Speaking Of Life 3015 | The Opposite Game
I used to be a teacher, and one technique I learned that helped kids understand antonyms was the “Opposite Game.” The game involved using flashcards with words like “hot,” and the first student to answer with an appropriate opposite, like “cold,” would get a point. The idea was that by helping students understand what a word was not, they would better understand what the original word means.
In the Bible, the writers sometimes use opposite examples called contrasts, exaggerations called hyperbole, and other literary techniques to make their point. The apostle Paul used “The Opposite Game” in his first letter to the Corinthians to help them understand what God’s wisdom is not—so they could grow in their awareness of what God’s wisdom truly is.
Paul begins by pointing out how the idea of Christ on the Cross seems silly to those who aren’t interested in pursuing a relationship with God, but to those who are interested, the Cross portrays the love of God for all humanity. He writes,
For since, in the wisdom of God, the world did not know God through wisdom, God decided, through the foolishness of our proclamation, to save those who believe.
1 Corinthians 1:21 (NRSV)
One translator said God was turning conventional wisdom on its head in order to expose so-called experts as crackpots. In other words—opposites.
Paul continues using opposites to show how God’s way is completely different—“opposite”—to the way humanity thinks. He points out that the Jews were looking for miracles and the Greeks were searching for wisdom in the philosophy of the day. To both groups, the idea of self-sacrificing love on the Cross was not only the opposite of a miracle, it was absurd. Paul shows how God’s way of love, evidenced by Christ on the Cross, helps us think beyond our limited human scope:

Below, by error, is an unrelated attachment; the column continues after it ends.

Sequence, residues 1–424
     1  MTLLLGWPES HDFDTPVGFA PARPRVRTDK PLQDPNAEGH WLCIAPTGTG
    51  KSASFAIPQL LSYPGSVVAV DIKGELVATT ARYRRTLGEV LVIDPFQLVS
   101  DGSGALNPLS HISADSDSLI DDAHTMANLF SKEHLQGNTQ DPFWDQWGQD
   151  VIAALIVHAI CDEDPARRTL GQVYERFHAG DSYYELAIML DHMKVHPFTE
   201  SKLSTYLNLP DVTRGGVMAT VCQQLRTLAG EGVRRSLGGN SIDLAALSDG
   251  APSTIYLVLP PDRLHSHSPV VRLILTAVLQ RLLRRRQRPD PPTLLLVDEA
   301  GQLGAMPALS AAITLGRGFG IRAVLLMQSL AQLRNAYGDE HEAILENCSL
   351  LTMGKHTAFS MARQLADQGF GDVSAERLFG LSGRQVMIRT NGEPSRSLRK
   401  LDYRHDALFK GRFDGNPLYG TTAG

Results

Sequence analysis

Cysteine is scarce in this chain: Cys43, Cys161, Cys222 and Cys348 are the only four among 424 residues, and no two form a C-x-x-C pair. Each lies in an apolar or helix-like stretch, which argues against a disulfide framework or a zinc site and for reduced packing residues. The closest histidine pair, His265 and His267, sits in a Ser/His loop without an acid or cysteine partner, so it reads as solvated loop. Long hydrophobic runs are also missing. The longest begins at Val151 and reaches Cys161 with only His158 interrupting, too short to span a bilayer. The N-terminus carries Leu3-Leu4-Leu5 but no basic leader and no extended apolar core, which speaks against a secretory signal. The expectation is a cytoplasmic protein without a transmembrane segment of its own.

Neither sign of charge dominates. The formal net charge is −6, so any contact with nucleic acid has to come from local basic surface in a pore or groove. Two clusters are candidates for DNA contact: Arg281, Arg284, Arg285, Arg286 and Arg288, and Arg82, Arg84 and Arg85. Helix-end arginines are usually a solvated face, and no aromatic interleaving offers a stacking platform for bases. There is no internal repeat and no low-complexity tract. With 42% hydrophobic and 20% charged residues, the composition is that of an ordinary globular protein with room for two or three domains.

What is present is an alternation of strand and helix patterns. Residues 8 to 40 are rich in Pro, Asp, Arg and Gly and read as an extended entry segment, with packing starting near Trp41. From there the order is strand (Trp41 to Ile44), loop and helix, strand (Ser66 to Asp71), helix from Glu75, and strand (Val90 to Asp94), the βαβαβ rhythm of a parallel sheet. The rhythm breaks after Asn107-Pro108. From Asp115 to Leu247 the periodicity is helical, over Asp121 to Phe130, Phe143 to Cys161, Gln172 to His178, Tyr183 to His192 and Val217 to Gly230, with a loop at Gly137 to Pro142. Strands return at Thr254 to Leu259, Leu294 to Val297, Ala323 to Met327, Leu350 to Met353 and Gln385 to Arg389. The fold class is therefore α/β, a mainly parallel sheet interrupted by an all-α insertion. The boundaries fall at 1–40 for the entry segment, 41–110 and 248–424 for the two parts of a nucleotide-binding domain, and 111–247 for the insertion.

but to those who are the called, both Jews and Greeks, Christ the power of God and the wisdom of God. For God’s foolishness is wiser than human wisdom, and God’s weakness is stronger than human strength.
1 Corinthians 1:24-25 (ESV)
Human beings tend to put God in a box—one that looks like what our human wisdom dictates as reasonable and prudent. God’s love for humanity is the opposite of reasonable and prudent. It is lavish, excessive, and strong—even as it is self-sacrificing. Paul wanted the Corinthians to understand that the truth of God’s being was the opposite of humanity’s typical way of loving and living.
Learning about opposites helps kids understand the meanings of words more fully. Human love is often finite and self-seeking, but God’s love is infinite and self-sacrificing. Considering how God’s way of moving in the world contrasts with our own helps us understand how deeply we are loved. We are safe in the certainty that God’s “opposite” kind of love will never let us down or let us go.
God’s love, evidenced by Christ on the Cross, is stronger and deeper than anything you can ever imagine.
I’m Michelle Fleming, Speaking of Life.